02/05/2012 05:54 pm ET | Updated Apr 06, 2012

Super Bowl 2012: Women Do Love Football -- Me Especially

Super Bowl Sunday is my favorite holiday.

Yes, I'm serious, and yes, for me it's a holiday.

I can't pinpoint exactly when my love affair with the NFL began, but I certainly remember why it did. Growing up in the suburbs outside of Kansas City, my sister and I were the only children in my family -- we didn't have a brother. Early on, I started watching every Chiefs game with my Dad. While we viewed countless other sporting events together, the Chiefs were always the main event. During halftime we would run plays with a little foam football, scurrying around the furniture in our basement to avoid tackles. When I was six, I completed my first work of art -- a picture of Joe Montana, the former San Francisco 49ers quarterback who was traded to the Chiefs for the 1993 season. I loved the game and, more importantly, I loved sharing it with my dad.

Not surprisingly, the Super Bowl, the culmination of the NFL season, has been a must-watch event for as long as I can remember. Every year my Mom made chili, we'd nosh on chips and seven-layer dip, and even my sister Christina would join in on the festivities. My grandparents would occasionally make the drive down from Minnesota, and they'd engage my parents, my sister and myself, in a game of Squares.

Now let's be clear, the last time my Kansas City Chiefs made a Super Bowl appearance was Super Bowl IV -- at the end of the 1969 season. They haven't even had a playoff win since the 1993 season -- the Joe Montana glory days. Basically, as long as I've been alive, we've never been close to reaching a Super Bowl. So should I be bitter? Should I be bitter that teams like the Patriots and Giants have made multiple Super Bowl appearances since 1993? Should I boycott the Super Bowl? It depends who you ask. For me, the showmanship, the pageantry, and general hoopla that surround the Super Bowl make it not just a game but a national - and international - event. It's impossible not to celebrate.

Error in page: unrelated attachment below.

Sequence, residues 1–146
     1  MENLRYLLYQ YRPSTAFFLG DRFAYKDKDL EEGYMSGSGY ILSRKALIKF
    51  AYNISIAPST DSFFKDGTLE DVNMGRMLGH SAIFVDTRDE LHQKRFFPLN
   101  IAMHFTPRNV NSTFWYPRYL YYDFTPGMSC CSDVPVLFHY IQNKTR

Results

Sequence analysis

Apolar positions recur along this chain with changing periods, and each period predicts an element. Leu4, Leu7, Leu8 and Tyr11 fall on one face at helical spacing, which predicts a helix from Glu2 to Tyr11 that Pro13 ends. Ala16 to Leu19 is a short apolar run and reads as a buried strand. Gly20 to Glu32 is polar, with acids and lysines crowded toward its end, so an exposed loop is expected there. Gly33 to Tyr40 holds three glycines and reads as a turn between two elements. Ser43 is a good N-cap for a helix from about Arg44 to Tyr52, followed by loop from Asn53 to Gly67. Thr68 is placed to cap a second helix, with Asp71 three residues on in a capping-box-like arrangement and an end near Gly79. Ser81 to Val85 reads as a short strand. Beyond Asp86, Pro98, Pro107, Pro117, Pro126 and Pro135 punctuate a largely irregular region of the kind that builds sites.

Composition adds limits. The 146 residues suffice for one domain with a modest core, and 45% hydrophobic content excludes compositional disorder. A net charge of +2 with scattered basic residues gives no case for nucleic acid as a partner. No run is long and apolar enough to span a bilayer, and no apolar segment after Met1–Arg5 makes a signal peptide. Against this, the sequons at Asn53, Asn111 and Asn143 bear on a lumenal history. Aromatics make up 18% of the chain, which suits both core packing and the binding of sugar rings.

The other beauty of the Super Bowl is that almost everyone watches it, and you can watch it anywhere. It's one of the only weekends of the year that I know my girlfriends will watch the game with me -- that's a reason to celebrate in itself. My cousin Andrew watched Super Bowl XLII from a bar in Latvia while he was studying abroad. And hey, even if you don't like the action on the field, there are always the commercials.

In my 23 years of life I've watched countless games, hosted football watching parties, dated football players, played football with my friends -- both real-life and fantasy -- and read hundreds of articles, blogs, columns and features, but spending Super Bowl Sunday enjoying the game, the commercials, and the halftime show is the best way to celebrate my love for the NFL.

My football love affair may have started in a basement in suburban Kansas but it has survived my move to New York City (where I have to spend my Sunday's in a crowded bar if I want to watch my Chiefs) and the distance between my family and me. Super Bowl Sunday is not only a way to honor my long time passion for football, but also to celebrate one last time before the season is officially over.

As far as I'm concerned, the only bad thing about the Super Bowl is that it has to end. Come February 6th, I'll be counting the days until the combine.